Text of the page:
It is never easy to hear that your spouse has been tempted to be unfaithful. The temptation, though plenty common, feels like it is a reflection on us, on our worth, on our attractiveness, on our performance. It’s hard to hear, then, because of how it makes us feel about ourselves. Yet, if we can work through our own insecurity, there is a way to receive this confession that promotes marital health. There are eight key elements to receiving well our spouse’s confession of temptation.
First, we ought to receive this confession with humility. It’s important to remember that this is a common struggle. In fact it is so common to struggle with lustful thoughts, or the idea of being with someone else, that we too have probably thought it. Before we rush to judgment of our spouse we should take a hard look at our own heart and our own thoughts (Matt. 7:3). But, even if we have not struggled with these specific thoughts and temptations, we know that we have our own set of temptations with which we battle. Neither our marriage, nor our spouse, is beyond this struggle and we should be humble enough to accept that reality. Humility will allow us to start strong as we receive their confession of temptation.
Second, we should guard our thoughts. Insecurity will tempt us to run wild with our thoughts. We may be tempted to assume more than has been confessed, or turn a confession of temptation into an act of adultery. Take every thought captive to the obedience of Christ (2 Cor. 10:5), and do not allow yourself to wander into the realms of what if. Hear what is actually said, and respond to the temptation confessed.
Third, we should express gratitude. It may seem strange to be grateful for your spouse’s confession of temptation, but recognize this confession as an earnest desire to safeguard a marriage. Your spouse values you and this relationship enough to be honest about an embarrassing temptation. They value this marriage enough to do everything necessary to make sure it is not jeopardized. They are confessing a temptation because they don’t want that temptation to become an actual sin; they want to fight against it. Thank God that He has brought this temptation to light before it became more serious. Thank your spouse, for trusting you and loving you enough to share this burden.
Fourth, we should ask good questions. It is likely inevitable that your mind will wander to many different possible scenarios. You will have questions about what this temptation means and what may lie behind it. One way to guard your thoughts from going down dangerous trails is to simply ask your spouse good questions. They have opened the door by sharing with you, and you are free to inquire about more that may be going on. Avoid asking questions about the specific thoughts, ask questions about what this means for them personally. Ask questions like:
How long have you had this temptation?
Have you ever done anything to act on these thoughts?
Have you ever been unfaithful?
What have you done to guard against giving in to sin?
Why do you think you are thinking about these things?
How can I be a help to you?
Fifth, we should pray. We need God if we are going to process these confession well. Asking for His strength and grace to do and say the right things is important. Asking for His help to strengthen your marriage and to protect your spouse will be important. Pray alone; pray together; pray often.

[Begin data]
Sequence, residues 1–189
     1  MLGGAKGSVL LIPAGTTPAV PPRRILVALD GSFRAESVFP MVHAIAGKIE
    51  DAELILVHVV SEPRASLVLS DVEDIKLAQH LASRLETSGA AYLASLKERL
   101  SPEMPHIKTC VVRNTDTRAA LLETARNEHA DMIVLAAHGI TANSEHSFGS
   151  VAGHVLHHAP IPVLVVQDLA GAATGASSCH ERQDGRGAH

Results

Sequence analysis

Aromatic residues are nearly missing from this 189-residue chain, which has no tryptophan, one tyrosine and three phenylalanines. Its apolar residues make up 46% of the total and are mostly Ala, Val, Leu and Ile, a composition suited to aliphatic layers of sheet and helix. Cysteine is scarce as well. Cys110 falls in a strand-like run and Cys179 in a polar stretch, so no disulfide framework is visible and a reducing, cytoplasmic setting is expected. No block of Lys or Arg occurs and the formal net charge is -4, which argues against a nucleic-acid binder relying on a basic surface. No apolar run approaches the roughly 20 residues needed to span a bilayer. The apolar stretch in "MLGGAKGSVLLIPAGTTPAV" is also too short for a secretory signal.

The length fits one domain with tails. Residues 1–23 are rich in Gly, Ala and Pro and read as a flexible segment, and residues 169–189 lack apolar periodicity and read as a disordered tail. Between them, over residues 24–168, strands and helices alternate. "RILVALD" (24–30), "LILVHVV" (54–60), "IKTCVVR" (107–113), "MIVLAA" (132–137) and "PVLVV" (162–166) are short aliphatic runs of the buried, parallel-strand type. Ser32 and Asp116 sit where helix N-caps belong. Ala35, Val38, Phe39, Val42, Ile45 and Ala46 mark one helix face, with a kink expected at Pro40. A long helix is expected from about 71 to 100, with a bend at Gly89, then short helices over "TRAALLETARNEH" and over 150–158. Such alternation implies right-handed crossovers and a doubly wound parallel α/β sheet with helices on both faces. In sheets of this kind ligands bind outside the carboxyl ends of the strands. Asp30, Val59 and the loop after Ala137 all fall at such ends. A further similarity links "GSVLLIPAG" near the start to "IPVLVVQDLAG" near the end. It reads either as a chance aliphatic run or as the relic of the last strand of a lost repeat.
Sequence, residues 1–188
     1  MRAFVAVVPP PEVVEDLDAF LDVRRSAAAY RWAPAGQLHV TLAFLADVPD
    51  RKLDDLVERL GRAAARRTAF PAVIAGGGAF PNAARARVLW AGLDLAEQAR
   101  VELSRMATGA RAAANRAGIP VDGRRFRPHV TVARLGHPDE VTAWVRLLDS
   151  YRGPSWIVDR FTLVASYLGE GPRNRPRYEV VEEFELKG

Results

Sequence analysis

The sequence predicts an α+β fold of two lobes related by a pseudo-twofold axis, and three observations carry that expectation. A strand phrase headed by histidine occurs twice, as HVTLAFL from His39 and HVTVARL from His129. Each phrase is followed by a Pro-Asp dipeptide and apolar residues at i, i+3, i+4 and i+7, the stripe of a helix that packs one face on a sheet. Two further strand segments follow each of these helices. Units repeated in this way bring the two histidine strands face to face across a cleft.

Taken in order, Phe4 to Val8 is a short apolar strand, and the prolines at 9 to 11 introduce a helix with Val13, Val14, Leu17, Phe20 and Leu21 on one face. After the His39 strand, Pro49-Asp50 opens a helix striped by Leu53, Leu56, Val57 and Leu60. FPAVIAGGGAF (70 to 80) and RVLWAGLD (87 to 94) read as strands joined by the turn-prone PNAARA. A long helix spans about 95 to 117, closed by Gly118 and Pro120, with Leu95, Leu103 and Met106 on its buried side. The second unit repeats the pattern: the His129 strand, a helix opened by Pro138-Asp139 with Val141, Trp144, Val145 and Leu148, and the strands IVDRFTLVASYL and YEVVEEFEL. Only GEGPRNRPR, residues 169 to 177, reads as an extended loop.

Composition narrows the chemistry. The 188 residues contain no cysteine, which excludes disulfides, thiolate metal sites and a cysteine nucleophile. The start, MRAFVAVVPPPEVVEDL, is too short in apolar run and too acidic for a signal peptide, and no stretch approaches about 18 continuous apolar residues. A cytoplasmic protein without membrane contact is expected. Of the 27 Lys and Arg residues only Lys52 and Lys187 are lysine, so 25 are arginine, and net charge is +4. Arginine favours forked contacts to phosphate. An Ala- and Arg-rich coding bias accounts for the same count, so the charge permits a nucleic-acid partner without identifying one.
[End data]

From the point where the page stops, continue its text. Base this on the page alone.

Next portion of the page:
Sixth, we should refuse to accept responsibility. Your spouse’s temptation is not your fault and it is not your responsibility! Do not accept any blame for their lust or their thoughts of adultery. The Bible tells us that temptation is a result of each person’s own desires (James 1:14). Taking responsibility for either their temptations or their obedience will unnecessarily burden you and will absolve them in ways that are not Biblical or spiritually/morally healthy. We can sometimes throw this blame on ourselves, and our spouses can sometimes throw this blame on us. Don’t accept it!
Seventh, we should expect accountability. If your spouse has shared a temptation then you have every right, and should expect, that they will also be open to accountability. While you should feel the freedom to ask them questions and check in on them, and should expect honesty and transparency, you should also invite them to get a same gender accountability partner who will ask them about these issues. You want the freedom to ask, but not the sole responsibility for check up on them. If this is a serious enough temptation to confess then it is a serious enough temptation to require accountability. Work together to come up with a plan for accountability in your spouse’s life.
Eight, we should encourage spiritual growth. Thoughts of adultery have far less to do with the quality of our marriage than we might think. They are far more deeply connected to our relationship with God. We want to encourage then a renewed vigor in our spiritual disciplines, a vital spiritual life. Encourage your spouse to be in the Word and in prayer. You be in the Word and in prayer. Discuss spiritual things together; talk about what God is doing in your lives. Focus on Christ, the gospel, and the glory of God. Direct your thoughts away from sin, from temptations, and from discouragements. Focus on Jesus, and focus on Him together.
How we receive our spouse’s confession of temptation can help us to grow as a couple. If we respond with anger, accusation, distrust, or coldness then we will likely breed conflict and isolation in our marriage. If we respond with humility, conversation, and grace then we can strengthen our marriage. How we respond matters.